Greater Miami as an example of worlds at odds.
It was a night of jubilation and pride. The room was packed
with Cuban Jews who broke into thunderous applause and cheers
as Isaac Zelcer, an Ashkenazi Cuban Jew, became the first
Latino to hold the position. He had been nominated by an
organization dominated by American Jews to a position traditionally
held by a member of the city's established American Jewish
community -- and many saw it as "a true integration of Latino
and American Jews.''
But as soon as Zelcer ended his speech, and more applause
died down, the room began to empty even while the rest of
the program was still going on. Some of the Cuban Jews had
rushed off to end their celebration at Versailles Restaurant
on the outskirts of Little Havana, the quintessential Cuban
"The night was both a powerful symbol of how Cuban Jews
have become part of the larger U.S. Jewish community and
of the still insular nature of their community, which is
often criticized as only caring about their own,'' Bettinger-López
said. "It did look on the face of it to be very rude, but
I did understand what they were doing. It illustrated the
point that Cuban Jews are inward-focused, and in many respects
this is largely based on history. They were forced to become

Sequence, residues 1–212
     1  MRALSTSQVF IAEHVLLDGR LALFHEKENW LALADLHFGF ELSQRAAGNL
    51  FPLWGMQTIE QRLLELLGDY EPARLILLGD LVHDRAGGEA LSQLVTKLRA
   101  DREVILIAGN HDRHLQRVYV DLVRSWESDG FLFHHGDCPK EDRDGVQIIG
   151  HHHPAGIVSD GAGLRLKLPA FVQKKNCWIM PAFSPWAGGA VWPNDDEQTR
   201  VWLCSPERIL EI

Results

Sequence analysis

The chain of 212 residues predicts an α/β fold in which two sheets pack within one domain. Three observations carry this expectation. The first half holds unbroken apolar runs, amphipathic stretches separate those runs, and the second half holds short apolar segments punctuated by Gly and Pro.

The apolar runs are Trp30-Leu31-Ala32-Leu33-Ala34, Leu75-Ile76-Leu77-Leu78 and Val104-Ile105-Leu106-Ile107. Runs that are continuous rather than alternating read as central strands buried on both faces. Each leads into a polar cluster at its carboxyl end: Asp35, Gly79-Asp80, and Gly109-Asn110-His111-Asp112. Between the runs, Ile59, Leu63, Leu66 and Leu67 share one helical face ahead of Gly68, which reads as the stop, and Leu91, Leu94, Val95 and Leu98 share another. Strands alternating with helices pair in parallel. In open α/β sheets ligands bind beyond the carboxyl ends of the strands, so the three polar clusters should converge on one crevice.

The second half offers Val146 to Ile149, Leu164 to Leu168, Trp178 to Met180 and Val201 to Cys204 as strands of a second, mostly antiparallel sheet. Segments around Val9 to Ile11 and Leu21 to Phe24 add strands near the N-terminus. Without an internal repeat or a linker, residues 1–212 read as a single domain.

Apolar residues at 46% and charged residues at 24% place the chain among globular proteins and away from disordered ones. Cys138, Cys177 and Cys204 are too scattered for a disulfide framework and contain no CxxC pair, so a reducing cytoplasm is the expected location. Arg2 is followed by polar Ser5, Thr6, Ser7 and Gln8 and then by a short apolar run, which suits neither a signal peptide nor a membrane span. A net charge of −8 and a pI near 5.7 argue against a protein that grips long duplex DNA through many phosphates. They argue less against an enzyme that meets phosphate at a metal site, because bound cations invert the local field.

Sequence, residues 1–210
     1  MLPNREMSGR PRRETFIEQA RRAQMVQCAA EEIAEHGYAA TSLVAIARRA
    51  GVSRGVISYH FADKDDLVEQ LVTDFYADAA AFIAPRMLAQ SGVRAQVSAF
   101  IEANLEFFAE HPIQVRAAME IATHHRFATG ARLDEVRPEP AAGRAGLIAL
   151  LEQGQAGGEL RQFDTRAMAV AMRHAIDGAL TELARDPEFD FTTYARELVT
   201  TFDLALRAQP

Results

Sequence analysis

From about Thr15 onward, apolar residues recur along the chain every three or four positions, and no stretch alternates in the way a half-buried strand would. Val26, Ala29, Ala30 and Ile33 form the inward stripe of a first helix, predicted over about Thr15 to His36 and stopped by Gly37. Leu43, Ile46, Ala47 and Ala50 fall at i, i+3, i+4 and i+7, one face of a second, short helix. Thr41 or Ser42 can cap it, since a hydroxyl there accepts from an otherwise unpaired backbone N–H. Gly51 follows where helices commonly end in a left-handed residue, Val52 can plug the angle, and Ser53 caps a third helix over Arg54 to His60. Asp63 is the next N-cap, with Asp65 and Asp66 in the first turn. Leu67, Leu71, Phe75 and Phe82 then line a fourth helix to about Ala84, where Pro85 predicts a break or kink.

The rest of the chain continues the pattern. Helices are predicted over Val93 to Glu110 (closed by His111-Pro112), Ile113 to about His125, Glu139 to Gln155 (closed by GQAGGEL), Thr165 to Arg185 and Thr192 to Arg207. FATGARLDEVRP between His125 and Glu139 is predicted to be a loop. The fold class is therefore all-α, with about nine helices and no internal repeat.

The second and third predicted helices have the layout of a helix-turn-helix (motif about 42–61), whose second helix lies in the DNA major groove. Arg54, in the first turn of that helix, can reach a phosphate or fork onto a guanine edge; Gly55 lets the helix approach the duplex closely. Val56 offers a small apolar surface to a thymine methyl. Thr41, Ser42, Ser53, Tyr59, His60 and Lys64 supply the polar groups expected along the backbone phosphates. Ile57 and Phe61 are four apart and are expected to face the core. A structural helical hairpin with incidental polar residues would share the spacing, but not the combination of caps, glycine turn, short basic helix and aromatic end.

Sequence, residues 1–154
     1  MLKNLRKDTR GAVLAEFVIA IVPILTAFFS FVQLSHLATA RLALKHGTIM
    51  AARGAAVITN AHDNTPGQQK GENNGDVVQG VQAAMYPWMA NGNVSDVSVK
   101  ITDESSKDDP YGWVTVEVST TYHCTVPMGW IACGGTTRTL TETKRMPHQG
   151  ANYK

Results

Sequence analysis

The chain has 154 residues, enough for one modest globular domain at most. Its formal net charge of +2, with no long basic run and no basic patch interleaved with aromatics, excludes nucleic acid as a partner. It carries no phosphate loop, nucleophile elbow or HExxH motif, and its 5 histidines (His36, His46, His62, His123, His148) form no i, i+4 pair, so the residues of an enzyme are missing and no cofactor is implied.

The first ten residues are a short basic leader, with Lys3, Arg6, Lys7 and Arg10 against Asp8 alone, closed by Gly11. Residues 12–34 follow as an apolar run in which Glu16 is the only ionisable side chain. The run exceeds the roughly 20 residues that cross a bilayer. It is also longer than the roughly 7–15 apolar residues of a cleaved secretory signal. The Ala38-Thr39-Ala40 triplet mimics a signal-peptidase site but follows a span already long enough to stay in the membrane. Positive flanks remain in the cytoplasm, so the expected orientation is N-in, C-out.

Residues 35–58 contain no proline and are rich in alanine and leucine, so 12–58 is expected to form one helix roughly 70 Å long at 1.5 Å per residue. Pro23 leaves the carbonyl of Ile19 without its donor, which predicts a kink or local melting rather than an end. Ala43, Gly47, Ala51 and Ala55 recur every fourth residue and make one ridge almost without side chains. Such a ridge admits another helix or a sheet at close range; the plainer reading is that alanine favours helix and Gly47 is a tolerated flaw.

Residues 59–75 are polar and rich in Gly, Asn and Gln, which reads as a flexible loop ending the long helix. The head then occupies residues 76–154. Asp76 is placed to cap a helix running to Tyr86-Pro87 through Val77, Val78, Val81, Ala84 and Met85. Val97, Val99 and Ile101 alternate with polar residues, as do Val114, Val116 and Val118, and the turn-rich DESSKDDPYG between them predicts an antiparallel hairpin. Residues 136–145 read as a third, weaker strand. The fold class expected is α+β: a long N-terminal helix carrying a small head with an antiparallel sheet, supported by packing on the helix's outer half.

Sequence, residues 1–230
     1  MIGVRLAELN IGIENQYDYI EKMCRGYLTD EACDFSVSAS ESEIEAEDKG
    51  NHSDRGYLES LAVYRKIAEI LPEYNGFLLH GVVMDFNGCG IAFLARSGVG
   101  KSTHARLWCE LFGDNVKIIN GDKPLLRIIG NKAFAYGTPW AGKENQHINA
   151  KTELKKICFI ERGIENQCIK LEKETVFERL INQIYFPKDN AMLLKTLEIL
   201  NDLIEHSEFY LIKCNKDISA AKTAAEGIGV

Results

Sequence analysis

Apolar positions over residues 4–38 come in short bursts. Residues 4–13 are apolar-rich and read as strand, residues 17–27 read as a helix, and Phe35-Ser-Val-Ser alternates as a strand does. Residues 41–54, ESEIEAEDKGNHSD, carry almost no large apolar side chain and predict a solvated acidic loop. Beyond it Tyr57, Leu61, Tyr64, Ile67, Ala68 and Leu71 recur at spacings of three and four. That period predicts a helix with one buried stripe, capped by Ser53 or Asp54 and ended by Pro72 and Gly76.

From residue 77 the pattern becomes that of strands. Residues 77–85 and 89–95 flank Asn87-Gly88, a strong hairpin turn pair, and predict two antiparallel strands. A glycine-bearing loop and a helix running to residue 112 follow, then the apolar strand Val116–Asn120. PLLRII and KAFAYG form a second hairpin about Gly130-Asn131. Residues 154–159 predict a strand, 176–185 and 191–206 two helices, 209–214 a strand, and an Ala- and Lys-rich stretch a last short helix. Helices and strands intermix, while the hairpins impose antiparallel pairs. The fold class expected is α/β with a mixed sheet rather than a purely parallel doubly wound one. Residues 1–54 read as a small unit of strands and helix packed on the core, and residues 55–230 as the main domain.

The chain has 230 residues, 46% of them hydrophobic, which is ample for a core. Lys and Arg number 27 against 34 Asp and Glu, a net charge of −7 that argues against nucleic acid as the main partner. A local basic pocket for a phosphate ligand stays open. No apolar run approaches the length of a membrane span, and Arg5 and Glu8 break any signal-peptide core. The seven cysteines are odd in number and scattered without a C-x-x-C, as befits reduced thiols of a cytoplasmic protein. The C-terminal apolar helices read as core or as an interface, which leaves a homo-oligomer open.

inwardly focused when they tried to integrate with the Miami
Jewish community and they were slapped in the face.''
Bettinger-López, who grew up Jewish in Pinecrest unaware
of the Cuban Jewish community (the López is her Irish-Puerto
Rican husband's surname), embarked on the research project
as part of her anthropology course work at the University
of Michigan, where one of her professors was Ruth Behar,
a respected Cuban-Jewish anthropologist.
In a foreword she wrote for Cuban Journeys, Behar says
Bettinger-López brings "fresh eyes, caring eyes, and critical
eyes to realities that are close to home and yet foreign.''
Among the many Cuban Jews Bettinger-López interviewed was
Heisler-Samuels, whose fictionalized family story mirrors
the stories of many Cuban Jews.
The Last Minyan, a self-published autobiographical novel,
chronicles the life of a Jewish immigrant who leaves Poland
before World War II for a better life in Havana. As in the
story of Heisler-Samuels' father, Haim Tuchman's life unravels
against the backdrop of 1940s and '50s Havana, where Hollywood
stars frolicked and the glamorous store El Encanto lived
up to its name with the latest fashions from Paris and Milan.
"Jews who came to Cuba like my parents did in the late
1930s were caught between two major world events -- the
rise of Nazism in Europe, which they were escaping, and
later on, after they had already established themselves
in their new country, the onset of communism,'' Heisler-Samuels
says. "These were people who left Europe in their 20s, found
a haven in Cuba, and after living out their lives, became
immigrants for the second time in their 50s.''
For some like Heisler-Samuels, the permanence of exile
in the United States hasn't kept the Jewish-Latino identity
from further evolving.
"I have four generations in my family and each one was
born in a different country,'' Heisler-Samuels says. "My
parents were born in Europe. I was born in Cuba. My daughter
and son were born in the United States, and my grandchildren
were born in Colombia. Talk about the wandering Jew.''
Copyright 2000 Miami Herald